Along with the Prostate Cance Research Institute, many other PC organizations are starting to recommend As as the 1st line treatment for low risk PC.
From the "New" prostate Cancer InfoLink...
In a news release issued earlier today, the National Comprehensive Cancer Network (NCCN) has announced updates to the NCCN Clinical Practice Guidelines for Oncology™ for Prostate Cancer, and has placed a new emphasis on the value of active surveillance in management of men with low and very low risk of clinically significant disease.
The revised NCCN clinical guidelines
now include an explicit recommendation for active surveillance and only active surveillance for many men diagnosed with prostate cancer. In particular, they state that:
Men with low-risk prostate cancer who have a life expectancy of less than 10 years should be offered and recommended active surveillance.
A new “very low-risk” category has been added to the guidelines using a modification of the so-called “Epstein criteria” for clinically insignificant prostate cancer.
* Only active surveillance should be offered and recommended for men with very low-risk prostate cancer when life expectancy is less than 20 years.
This new guidance may be considered controversial by many in the patient and the physician community, given the lack of established outcome data from randomized clinical trials comparing active surveillance to immediate interventional therapy. However, The “New” Prostate Cancer InfoLink would emphasize that active surveillance is not “no treatment.”
Active surveillance is a “deferred treatment” strategy, whereby the patient and his doctor set out to give necessary treatment only if and when it is needed. The intent is to be able to offer curative therapy to patients who need curative therapy before the disease spreads but to avoid over-treatment of patients who are likely to have greater risk of harm than benefit from immediate curative treatment. And in the case of many patients this means that treatment may be deferred indefinitely or even forever.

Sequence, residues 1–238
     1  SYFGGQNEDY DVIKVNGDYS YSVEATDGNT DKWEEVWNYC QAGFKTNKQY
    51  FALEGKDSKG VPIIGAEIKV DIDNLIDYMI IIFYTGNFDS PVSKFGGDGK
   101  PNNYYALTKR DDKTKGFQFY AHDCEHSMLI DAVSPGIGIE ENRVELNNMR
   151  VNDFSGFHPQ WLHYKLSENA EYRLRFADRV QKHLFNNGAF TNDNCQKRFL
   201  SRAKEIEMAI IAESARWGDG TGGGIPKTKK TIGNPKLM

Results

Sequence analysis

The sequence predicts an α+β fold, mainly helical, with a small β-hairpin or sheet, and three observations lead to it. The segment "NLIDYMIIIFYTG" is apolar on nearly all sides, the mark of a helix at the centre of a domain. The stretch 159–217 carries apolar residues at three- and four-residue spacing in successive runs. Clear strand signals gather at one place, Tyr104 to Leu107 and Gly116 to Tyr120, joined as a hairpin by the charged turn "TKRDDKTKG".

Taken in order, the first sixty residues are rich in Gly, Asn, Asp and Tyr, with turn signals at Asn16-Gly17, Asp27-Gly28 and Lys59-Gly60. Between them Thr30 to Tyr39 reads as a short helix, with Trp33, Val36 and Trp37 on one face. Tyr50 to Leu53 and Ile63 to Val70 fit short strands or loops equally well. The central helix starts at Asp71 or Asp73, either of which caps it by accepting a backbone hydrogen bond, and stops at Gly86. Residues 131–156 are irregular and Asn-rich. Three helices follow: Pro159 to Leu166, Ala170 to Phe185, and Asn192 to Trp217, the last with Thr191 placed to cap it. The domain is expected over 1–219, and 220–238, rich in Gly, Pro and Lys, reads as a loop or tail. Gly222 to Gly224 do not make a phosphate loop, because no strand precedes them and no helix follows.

According to James L. Mohler, MD, of Roswell Park Cancer Institute, who is the current chair of the NCCN Guidelines Panel for Prostate Cancer, “The NCCN Prostate Cancer Guideline Panel and the NCCN Prostate Cancer Early Detection Panel remain concerned about
over-diagnosis and over-treatment of prostate cancer. Growing evidence suggests that over-treatment of prostate cancer commits too many men to side effects that outweigh a very small risk of prostate cancer death.”
“Although the NCCN Guidelines Panel stresses the importance of considering active surveillance, ultimately this decision must be based on careful individualized weighting of a number of factors including life expectancy, disease characteristics, general health condition, potential side effects of treatment, and patient preference,” notes Dr. Mohler. “It is an option that needs to be thoroughly discussed with the patient and all of his physicians which may include his urologist, radiation oncologist, medical oncologist, and primary care physician.”
It will be interesting to see how the urology and the radiation oncology communities react to these guidelines. Even though respected urologists and radiation oncologists are members of this guideline committee, that does not necessarily mean that the rest of the urology and radiation oncology community are going to rush to endorse this guidance. For the “New” Prostate Cancer InfoLink, we believe that the emphasis needs to be placed on the “thorough discussion” that needs to take place between the patient and his physicians.